Fulton names sole finalist for elections director

Derek Bowens is seen on a virtual chat with the chairman of the U.S. Election Assistance Commission. (EAC YouTube)

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Derek Bowens is seen on a virtual chat with the chairman of the U.S. Election Assistance Commission. (EAC YouTube)

The Fulton County elections board named a finalist for the elections director position Monday — about 50 days before the general primary election begins.

Derek Bowens, who currently leads elections in Durham County, North Carolina, is the sole finalist for the position. Durham County is home to roughly 325,000 residents, or about one-third of Fulton’s population.

Richard Barron will official leave as Fulton County’s election director on Friday.

Bowens, if approved by county commissioners April 13, would then weather national partisan scrutiny and the threat of a state takeover through the state’s red-hot Senate and gubernatorial races. Fulton is home to 10% of all Georgia voters.

Bowens, according to his LinkedIn, has lead Durham elections nearly 5 years and before that ran elections for the North Carolina county in which Wilmington sits.

ExploreFulton elections 2022: Embattled firm renewed, still no permanent leader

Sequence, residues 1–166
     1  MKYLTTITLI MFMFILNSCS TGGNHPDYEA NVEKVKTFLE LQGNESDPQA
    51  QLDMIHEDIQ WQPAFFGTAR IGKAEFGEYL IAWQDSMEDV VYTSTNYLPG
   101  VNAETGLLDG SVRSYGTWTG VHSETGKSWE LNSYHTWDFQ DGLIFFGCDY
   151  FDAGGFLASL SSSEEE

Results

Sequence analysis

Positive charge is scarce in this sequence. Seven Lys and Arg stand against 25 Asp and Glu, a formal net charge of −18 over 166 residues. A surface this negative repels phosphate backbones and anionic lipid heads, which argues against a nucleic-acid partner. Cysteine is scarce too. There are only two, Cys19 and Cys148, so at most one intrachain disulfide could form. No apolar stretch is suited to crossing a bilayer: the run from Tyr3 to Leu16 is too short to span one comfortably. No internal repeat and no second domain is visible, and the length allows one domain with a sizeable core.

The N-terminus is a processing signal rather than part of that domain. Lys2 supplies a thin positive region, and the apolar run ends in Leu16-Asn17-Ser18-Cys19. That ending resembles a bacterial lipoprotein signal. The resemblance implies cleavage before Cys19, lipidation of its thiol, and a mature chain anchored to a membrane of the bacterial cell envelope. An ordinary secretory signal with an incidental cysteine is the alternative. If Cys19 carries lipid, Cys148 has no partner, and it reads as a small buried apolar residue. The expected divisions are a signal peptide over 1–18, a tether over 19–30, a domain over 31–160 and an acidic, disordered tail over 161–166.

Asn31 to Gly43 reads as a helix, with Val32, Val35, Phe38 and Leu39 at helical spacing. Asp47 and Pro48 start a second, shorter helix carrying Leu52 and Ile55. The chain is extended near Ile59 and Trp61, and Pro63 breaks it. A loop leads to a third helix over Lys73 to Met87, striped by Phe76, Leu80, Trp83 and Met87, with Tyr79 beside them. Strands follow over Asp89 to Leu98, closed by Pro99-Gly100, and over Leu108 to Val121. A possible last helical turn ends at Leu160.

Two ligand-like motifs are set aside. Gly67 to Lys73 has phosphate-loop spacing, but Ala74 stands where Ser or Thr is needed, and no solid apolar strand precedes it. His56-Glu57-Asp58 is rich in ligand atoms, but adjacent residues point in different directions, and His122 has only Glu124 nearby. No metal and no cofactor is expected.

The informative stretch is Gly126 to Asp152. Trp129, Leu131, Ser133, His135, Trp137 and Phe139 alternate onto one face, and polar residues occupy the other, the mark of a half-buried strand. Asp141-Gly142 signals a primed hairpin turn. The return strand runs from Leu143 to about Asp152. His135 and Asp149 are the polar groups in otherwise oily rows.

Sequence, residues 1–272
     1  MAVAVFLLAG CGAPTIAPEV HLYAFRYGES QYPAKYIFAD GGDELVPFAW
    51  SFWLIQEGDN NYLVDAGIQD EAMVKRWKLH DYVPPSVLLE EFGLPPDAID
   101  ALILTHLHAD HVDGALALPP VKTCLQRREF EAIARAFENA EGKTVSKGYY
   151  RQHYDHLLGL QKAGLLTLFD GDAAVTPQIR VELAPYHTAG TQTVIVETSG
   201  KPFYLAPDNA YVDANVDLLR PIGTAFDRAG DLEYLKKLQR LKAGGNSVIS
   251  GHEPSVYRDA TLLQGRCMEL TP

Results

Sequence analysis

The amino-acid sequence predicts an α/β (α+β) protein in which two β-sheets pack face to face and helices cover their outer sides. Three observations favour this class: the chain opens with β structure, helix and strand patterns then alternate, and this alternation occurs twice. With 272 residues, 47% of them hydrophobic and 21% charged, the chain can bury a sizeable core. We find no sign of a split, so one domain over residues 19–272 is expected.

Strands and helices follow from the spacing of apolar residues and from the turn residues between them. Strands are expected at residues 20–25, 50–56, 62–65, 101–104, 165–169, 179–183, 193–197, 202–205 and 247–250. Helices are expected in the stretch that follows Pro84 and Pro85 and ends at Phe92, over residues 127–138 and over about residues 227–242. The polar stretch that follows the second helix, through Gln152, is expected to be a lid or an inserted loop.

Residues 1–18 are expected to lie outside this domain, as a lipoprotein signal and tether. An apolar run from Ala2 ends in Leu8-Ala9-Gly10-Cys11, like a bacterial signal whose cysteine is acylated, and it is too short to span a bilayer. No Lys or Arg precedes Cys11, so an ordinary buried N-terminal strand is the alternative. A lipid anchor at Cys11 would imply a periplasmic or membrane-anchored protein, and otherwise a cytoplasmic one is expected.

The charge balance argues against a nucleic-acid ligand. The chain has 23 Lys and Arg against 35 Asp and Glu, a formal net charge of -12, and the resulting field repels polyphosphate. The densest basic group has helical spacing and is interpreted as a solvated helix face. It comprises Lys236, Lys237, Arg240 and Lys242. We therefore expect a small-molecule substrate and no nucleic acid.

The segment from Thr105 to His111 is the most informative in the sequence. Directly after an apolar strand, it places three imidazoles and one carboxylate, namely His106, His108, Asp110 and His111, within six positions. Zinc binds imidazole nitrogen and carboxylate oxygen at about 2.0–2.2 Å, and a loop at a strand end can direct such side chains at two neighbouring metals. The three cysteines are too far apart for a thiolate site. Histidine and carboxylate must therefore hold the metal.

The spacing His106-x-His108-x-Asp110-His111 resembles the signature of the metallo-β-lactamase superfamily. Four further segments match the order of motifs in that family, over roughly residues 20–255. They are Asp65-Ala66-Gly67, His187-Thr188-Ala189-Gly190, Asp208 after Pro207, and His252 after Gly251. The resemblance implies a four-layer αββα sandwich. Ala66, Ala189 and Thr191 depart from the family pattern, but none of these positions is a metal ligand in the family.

Barron announced his resignation at the end of 2021, but agreed to stay until April 1 to ensure a smooth transition. Barron took the $125,000-a-year job in 2013, which is an impressive run compared to his five predecessors’ total of six years in the job.

And Barron may have weathered more than all of them combined: He was at the helm during a disastrous June primary and the former President Donald Trump accused Barron of committing a “crime” while citing a debunked election conspiracy. The county elections board voted mostly along party lines to fire him, but he was saved by the Fulton County Commission.

Fulton Commission Chair Robb Pitts has spoken well of Barron but said he needs to leave because he has become “a distraction.”

ExploreFulton: Elections will be more expensive, more complicated

Bowens would take over a department with a budget of $38 million, which includes $5 million in operating expenses. And that number could very well rise because it only funds three elections, despite the possibility of a runoff at the end of this cycle.

Elections board chair Cathy Woolard has said the actual budgetary need may be closer to $53 million.

County officials have said they need more money to address new restrictions required by Senate Bill 202. The bill gives the Republican-controlled state the ability take over elections in the Democrat-heavy county and disallow them from using grant funds. Fulton used $14 million in grant money last cycle.

The board announced two weeks ago that Nadine Williams was taking over as interim director, so she will run the operation after Friday until Bowens takes over.

Credit: WSBTV Videos

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Credit: WSBTV Videos